Mental illness has been a big part of my life, and I’ve seen first-hand how it can impact individuals on many levels. It was this personal experience that encouraged me to pursue a career in mental health support, and studying Psychology was the first step on this journey.
My favourite things about studying Psychology at Edge Hill were the variety of opportunities and the enthusiasm of tutors. I was lucky enough to take part in a paid internship during my second year, which allowed me to use lots of specialist equipment to undertake research, including eye tracking and facial electromyography. My tutors and lecturers were amazing, made us all feel welcome and supported, and were enthusiastic about all the topics they taught us.
A typical day in my job involves supporting 33 service users, who I work with on a 1-1 or group basis. The work I do with them includes observation, risk management, assisting with medication rounds, organising activities, handling difficult situations, and monitoring wellbeing and mental state. Communication with my team members is hugely important, so that we all know how our service users are doing from day to day. The compassion and patience I developed through my degree have been hugely important to this job.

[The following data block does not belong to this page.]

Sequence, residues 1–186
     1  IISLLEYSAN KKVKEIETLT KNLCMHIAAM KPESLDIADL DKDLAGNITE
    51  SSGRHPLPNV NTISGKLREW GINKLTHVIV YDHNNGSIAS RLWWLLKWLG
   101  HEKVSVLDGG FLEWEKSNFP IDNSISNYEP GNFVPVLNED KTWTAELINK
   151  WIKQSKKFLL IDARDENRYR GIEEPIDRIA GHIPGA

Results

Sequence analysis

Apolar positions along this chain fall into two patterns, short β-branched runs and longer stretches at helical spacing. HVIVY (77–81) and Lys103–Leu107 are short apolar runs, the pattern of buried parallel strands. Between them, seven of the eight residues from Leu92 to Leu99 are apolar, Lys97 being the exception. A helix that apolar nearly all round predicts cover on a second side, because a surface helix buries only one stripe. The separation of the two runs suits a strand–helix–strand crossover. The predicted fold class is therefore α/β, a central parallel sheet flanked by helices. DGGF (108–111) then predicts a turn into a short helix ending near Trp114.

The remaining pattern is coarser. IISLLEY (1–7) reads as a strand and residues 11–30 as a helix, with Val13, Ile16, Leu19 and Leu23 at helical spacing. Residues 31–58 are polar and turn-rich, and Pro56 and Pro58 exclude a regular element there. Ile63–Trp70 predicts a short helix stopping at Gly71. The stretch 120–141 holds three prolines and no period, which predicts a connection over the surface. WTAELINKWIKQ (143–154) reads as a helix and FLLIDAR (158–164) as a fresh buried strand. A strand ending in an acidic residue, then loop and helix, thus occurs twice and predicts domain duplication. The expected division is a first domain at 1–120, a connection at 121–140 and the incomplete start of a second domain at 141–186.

Once I’m qualified as a nursing associate, I’m hoping to apply for a clinical psychology doctorate. Having a background in both a psychological/therapeutic and a clinical/nursing context, I think this makes me an ideal candidate. Ultimately, working in psychotherapies is my goal.
The best piece of advice I can offer anyone considering studying Psychology is to soak up all the information and opportunities you can. Get to know others, their interests and their career journeys. Most of all, find your area of special interest, or your ‘niche’, and as long as you’ve got that passion, you’ll succeed in anything you put your mind to.